Beef Jerky, Cowboy Style Beef Jerky

"A story about beef jerky - Real tradition cowboy type beef jerky was the meat pulled from the side of a cow and meat scraps leftover from butchering (hence the toughness), thick meaty cuts were cured in a salty brine with whatever herbs or spices they had on hand, often it was twisted and tied into knots and then hung on tree limbs and such in direct sunlight until dried or in a smokehouse if they were so lucky. It was a good source of protein on cattle drives, other than beans and hard bread, maybe an occational rabbit or squirrel it was often what they nibbled on most of the day. I use brisket for it's toughness (cowboy style) but use whatever cut you wish. We don't sun dry anymore because of flys and bugs and such. My beef jerky recipe is also excellent for deer meat, buffalo and such, just make sure it is very lean with little or no fat. Deer made this way is my favorite."
photo by Chipfo photo by Chipfo
photo by Chipfo
Ready In:
6hrs 45mins




  • In a very large bowl mix up all ingredients except the meat and set aside.
  • If using a whole brisket separate the flat half and the point half, put the point half away for another use (like smoking it). Trim all the fat from the flat half, it needs to be very lean (You butcher may do this for you, along with slicing it).
  • You can partially freeze this for easier slicing, slice into 1/8 or slightly thicker. If you need to, cut in lengths to fit your dehydrator. Or use a gas oven set on 145°F.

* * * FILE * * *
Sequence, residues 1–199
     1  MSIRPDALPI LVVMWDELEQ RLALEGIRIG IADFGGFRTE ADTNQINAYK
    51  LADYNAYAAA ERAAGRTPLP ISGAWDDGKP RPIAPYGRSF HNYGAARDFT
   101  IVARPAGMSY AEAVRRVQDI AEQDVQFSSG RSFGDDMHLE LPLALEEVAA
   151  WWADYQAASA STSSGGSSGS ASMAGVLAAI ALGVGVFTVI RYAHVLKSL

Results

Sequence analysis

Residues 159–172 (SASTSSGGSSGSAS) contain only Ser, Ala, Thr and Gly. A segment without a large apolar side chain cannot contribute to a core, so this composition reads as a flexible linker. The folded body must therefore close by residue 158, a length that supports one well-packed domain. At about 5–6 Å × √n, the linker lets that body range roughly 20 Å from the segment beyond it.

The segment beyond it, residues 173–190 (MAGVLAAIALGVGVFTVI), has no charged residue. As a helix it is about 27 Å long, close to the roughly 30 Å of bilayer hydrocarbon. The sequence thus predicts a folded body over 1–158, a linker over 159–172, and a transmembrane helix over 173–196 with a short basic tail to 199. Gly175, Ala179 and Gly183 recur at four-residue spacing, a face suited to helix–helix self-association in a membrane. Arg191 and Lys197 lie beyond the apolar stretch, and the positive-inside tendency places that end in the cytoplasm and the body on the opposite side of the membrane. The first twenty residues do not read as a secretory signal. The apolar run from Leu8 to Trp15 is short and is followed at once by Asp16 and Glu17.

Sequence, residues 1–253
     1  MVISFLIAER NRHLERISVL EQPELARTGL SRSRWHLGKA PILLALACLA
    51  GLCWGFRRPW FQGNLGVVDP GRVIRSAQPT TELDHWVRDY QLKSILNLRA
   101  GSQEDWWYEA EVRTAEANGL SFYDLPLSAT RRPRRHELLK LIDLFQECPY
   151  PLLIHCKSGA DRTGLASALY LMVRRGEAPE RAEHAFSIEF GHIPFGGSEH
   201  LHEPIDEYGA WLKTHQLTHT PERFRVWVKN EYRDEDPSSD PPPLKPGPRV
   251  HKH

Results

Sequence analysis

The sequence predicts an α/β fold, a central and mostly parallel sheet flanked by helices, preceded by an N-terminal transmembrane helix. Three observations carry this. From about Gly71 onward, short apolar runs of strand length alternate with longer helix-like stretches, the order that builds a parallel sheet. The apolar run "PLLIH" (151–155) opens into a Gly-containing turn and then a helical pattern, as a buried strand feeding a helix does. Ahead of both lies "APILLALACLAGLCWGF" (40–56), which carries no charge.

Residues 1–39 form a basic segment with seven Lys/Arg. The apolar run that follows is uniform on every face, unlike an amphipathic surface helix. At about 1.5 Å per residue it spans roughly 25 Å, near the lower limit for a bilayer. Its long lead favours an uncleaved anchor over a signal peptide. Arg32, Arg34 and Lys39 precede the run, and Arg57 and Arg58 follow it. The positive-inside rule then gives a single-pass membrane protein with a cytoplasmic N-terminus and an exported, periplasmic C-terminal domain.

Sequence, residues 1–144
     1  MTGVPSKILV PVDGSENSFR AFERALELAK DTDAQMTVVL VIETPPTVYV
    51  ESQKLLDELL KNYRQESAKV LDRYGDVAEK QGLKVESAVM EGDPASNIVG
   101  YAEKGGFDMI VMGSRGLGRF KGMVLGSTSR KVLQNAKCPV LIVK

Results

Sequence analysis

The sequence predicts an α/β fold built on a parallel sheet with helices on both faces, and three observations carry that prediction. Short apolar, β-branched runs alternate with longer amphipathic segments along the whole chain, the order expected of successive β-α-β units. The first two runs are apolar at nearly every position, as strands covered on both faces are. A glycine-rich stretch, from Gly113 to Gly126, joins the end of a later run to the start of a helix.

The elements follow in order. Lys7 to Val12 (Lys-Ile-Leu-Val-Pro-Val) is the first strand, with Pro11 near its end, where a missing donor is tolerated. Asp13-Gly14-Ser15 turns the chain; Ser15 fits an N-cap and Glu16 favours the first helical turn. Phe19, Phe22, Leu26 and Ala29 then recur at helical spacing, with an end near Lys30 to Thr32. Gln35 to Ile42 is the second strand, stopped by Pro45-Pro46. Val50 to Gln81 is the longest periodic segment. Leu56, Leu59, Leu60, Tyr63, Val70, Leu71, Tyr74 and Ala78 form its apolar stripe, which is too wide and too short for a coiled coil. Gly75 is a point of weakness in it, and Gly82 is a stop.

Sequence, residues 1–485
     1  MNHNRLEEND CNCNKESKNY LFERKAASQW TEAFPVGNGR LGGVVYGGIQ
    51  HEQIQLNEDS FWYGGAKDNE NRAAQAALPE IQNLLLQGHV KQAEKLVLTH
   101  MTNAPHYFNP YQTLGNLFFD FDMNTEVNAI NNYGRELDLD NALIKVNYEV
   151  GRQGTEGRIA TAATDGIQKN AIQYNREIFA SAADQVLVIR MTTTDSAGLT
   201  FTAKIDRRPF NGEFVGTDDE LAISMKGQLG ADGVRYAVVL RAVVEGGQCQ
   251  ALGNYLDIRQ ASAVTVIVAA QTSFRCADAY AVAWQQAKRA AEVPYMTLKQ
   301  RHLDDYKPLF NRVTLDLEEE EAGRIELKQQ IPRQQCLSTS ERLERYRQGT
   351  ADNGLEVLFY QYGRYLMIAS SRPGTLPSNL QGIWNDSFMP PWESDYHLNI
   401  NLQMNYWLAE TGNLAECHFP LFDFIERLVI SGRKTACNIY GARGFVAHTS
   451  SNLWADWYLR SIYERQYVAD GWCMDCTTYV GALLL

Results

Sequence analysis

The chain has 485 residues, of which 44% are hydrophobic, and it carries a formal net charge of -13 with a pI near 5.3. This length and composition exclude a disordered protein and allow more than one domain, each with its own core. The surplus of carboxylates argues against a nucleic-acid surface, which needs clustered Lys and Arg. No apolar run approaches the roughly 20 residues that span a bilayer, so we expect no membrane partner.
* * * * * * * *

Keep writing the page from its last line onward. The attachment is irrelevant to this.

• Add slices to bowl with the marinade, with clean hands make sure all the meat is coated without any "dry spots". Press down the meat to remove air and bring marinade to the top.
  • Allow to marinade for about 4 hours, stirring the meat a few times during this period to keep the meat coated. I use my hands, washed of course, then press the meat down again.
  • If you need more marinade just scale down the recipe and make a little more.
  • Place slices in the dehydrator and dehydrate according to manufacturers directions.
  • If using a gas oven (I didn't like the results from an electric oven), place several sheets of foil across the bottom of oven, do not cover the heat vents, heat to 145 F, place slices directly on oven rack and close door.
  • Allow to dry for 6 to 8 hours. The jerky needs to be dry but still pliable, NOT crunchy. It will bend but not break.
  • Store in an airtight container after it has cooled completely.
  • When you are eating this pretend your a cowboy on horseback in a cattle drive, all you have to eat everyday is beans, hard bread and beef jerky, tear off a piece with your teeth, jam in down between your cheek and gum, suck on it for a minute or 2, then slowly start chewing the edge until it is gone. LOL, or just enjoy it however you like.
  • I call this jerky "Cowboy Style" because it is very tough and chewy, if you do not like tough jerky then use whatever meat you prefer. Round roast works well, just make sure the cut you use is very lean and trimmed of all fat. Fat can turn rancid.

Questions & Replies

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  1. I have not tried your recipe yet, but I have made jerky in the oven before and if you put toothpicks in one end of the jerky and hang it from your racks in the oven it does a very good job.
  2. Friends and family love it! Making it for the 5th time!
  3. I have purchased cowboy jerky in Bishop and was happy to find this recipe. It is outstanding. My gas oven doesn't go lower than 170 so I cooked the meat for 5 hours. I purchased the meat at Costco (which is the best and uniformly cut). I did not use the pepper flakes and used Greek seasoning because that is what I had. I can't believe how good it is. It bendable and not hard to chew. Thank you for saving me $39.00 a pound.
  4. This is a great recipe. I had used it before, printed it and lost it. I got a new dehydrater and need to break it in right so I looked you back up. I am using a 4.5 lb rump roast this time. Thanks for this recipe
  5. Thank-You loved it..... Was GREAT ....



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